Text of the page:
Greater Anglia: Harlow rail users warned as strike date set
News / Thu 7th Jul 2022 am31 08:53am
TRAIN drivers’ union ASLEF has announced another strike date for its Greater Anglia members –Saturday 23 July.
While talks will continue to try to resolve the strike, Greater Anglia is warning passengers of widespread disruption should the strike go ahead.
This will be the third strike day by ASLEF’s Greater Anglia train drivers. During the last strike, on Saturday 2 July, the company could not run over 90 per cent of its services.
Greater Anglia Managing Director Jamie Burles said: “We hope this dispute can be resolved and the strike action proposed for 23 July cancelled, but in the meantime we want to give our customers as much notice as possible that there will be disruption if the strike does go ahead.
“We are making arrangements and drawing up timetables in case the action does take place, and we will keep our customers updated.
“If there is a strike, our advice to customers will be to avoid travelling on our trains. With drivers on strike, we can only run minimal services and just on limited routes and between limited hours too for most of those routes.
“We are aware that many customers will have plans to travel – it’s the first weekend of the school holidays and the weekend of the Latitude Festival. We’re genuinely sorry if this strike disrupts people’s plans.”
On Saturday 2 July, there were no services between Cambridge and London Liverpool Street, nor on any branch lines or regional routes.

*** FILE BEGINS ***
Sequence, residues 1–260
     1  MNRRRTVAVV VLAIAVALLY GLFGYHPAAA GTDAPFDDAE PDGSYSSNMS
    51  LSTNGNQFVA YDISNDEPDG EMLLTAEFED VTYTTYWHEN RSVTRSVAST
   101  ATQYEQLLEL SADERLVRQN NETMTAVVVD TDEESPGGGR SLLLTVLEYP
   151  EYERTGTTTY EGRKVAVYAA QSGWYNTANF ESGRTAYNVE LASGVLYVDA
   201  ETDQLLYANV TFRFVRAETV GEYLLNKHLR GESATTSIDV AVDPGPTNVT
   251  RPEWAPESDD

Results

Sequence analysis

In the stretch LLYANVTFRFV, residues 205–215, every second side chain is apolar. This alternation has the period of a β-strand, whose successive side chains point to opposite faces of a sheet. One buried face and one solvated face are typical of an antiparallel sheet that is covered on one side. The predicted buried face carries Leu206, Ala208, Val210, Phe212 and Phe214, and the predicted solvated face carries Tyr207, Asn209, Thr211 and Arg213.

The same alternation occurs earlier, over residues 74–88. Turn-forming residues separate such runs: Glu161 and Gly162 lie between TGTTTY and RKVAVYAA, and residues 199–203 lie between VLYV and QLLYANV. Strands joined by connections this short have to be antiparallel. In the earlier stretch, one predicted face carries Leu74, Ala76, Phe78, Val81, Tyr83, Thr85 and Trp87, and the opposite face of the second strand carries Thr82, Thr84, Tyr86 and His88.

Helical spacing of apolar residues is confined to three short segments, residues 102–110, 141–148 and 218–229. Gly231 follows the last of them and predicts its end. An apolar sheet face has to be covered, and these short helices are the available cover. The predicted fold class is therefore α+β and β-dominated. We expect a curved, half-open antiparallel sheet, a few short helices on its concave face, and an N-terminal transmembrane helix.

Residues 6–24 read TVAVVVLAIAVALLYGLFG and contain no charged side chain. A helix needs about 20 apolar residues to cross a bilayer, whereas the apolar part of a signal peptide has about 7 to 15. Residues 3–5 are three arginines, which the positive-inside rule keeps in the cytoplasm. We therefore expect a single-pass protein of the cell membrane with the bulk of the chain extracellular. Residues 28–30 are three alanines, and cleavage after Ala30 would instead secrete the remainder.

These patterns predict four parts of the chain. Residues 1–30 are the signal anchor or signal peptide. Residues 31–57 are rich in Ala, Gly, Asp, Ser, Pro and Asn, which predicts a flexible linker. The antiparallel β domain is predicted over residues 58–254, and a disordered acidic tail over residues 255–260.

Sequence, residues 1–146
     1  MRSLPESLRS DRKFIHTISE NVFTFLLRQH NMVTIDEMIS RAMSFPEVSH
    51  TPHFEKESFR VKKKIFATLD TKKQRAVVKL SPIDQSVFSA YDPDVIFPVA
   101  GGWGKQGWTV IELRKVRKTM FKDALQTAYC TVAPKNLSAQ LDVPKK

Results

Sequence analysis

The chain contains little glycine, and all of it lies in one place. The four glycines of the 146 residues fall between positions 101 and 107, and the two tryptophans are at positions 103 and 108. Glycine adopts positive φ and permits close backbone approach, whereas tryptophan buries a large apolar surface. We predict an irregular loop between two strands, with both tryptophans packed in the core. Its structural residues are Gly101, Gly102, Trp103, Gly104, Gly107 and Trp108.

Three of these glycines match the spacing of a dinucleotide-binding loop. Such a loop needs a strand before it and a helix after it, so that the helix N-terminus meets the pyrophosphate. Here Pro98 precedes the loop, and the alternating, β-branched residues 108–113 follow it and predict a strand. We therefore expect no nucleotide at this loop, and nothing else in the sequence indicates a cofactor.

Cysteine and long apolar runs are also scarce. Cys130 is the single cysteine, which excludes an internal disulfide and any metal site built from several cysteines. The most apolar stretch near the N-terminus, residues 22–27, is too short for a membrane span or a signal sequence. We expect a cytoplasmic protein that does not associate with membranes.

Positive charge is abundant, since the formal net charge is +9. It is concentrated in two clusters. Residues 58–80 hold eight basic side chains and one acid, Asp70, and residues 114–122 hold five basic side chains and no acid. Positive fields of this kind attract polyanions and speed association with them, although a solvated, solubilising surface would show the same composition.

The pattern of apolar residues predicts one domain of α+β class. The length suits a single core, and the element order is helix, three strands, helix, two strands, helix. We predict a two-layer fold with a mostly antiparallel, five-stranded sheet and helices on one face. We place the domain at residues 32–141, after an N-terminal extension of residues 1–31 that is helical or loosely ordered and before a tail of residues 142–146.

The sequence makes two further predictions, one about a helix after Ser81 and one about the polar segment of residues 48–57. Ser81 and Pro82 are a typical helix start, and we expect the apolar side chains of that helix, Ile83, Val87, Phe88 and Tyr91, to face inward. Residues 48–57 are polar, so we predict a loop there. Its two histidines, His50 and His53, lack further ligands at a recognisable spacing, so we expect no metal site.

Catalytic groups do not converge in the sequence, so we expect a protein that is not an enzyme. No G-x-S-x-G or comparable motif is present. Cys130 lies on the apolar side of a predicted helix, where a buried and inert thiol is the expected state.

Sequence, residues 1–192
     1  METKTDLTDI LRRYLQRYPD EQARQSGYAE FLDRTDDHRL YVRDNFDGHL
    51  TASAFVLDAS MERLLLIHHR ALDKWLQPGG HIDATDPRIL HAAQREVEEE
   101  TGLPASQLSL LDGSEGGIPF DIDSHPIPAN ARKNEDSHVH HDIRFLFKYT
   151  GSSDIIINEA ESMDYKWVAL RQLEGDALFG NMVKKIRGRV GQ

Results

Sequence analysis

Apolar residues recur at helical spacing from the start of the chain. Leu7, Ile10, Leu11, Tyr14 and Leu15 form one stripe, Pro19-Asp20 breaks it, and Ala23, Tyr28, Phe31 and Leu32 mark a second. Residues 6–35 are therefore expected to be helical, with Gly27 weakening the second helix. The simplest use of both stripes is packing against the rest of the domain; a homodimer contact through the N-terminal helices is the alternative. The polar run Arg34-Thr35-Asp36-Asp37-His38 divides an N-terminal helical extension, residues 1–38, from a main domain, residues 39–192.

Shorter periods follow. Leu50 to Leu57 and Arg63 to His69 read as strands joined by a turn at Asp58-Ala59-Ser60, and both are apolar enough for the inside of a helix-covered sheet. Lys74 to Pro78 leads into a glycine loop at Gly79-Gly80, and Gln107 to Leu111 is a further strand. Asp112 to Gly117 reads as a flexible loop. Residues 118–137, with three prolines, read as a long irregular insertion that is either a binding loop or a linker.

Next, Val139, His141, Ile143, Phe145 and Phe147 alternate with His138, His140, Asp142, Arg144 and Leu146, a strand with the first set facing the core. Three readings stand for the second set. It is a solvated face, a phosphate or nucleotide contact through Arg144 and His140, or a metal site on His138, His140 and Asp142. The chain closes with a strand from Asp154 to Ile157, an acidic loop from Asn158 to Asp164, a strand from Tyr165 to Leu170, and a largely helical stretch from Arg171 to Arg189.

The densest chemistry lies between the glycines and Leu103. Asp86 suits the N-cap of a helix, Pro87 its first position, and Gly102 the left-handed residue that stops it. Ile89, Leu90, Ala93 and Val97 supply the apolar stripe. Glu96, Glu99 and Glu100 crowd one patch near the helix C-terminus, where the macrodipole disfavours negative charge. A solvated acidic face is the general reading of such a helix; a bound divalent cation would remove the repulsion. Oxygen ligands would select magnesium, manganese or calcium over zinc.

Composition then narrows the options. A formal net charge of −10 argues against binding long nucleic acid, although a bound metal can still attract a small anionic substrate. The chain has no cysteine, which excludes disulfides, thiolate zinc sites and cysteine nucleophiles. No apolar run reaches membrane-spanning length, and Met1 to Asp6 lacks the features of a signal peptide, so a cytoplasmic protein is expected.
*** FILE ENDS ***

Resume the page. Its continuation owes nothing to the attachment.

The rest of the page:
There were severely reduced services between Norwich, Colchester, Southend Victoria and Stansted Airport and London Liverpool Street, with far fewer trains than usual.
Full information including timetables, how to refund or change tickets and first and last train times will be available on the Greater Anglia website as soon as it becomes available.
Up the workers!!
Its funny old world when train drivers earn more then pilots.
Trains these days are highly sophisticated high technology forms of transport. It takes 12 to 18 months to train a driver for just one route. Many who aspire to be a driverdrop by the wayside. They have to be knowledgeable of very complex rules governing safety. They have to be retested every 2 years. Fail and you will never drive a train again. At peak times they alone (since Anglia Trains got rid of guards) can be responsible for a thousand lives. It's a serious job with one hell of a responsibility.
In addition to the above, privatisation resulted in higher wages for drivers. The smaller train operating companies trained drivers only for their staff to be lured away to the larger companies who couldn't be bothered to spend larges sums of money on training preferring instead to offer higher wages and generous relocation packages to already competent drivers. Saved them a lot of money!
I don’t doubt the responsibility for train drivers. But it takes nearly 5 years to get a commercial pilots licences and cost approx £200,000.00 which the pilot generally funds. Its a funny old world!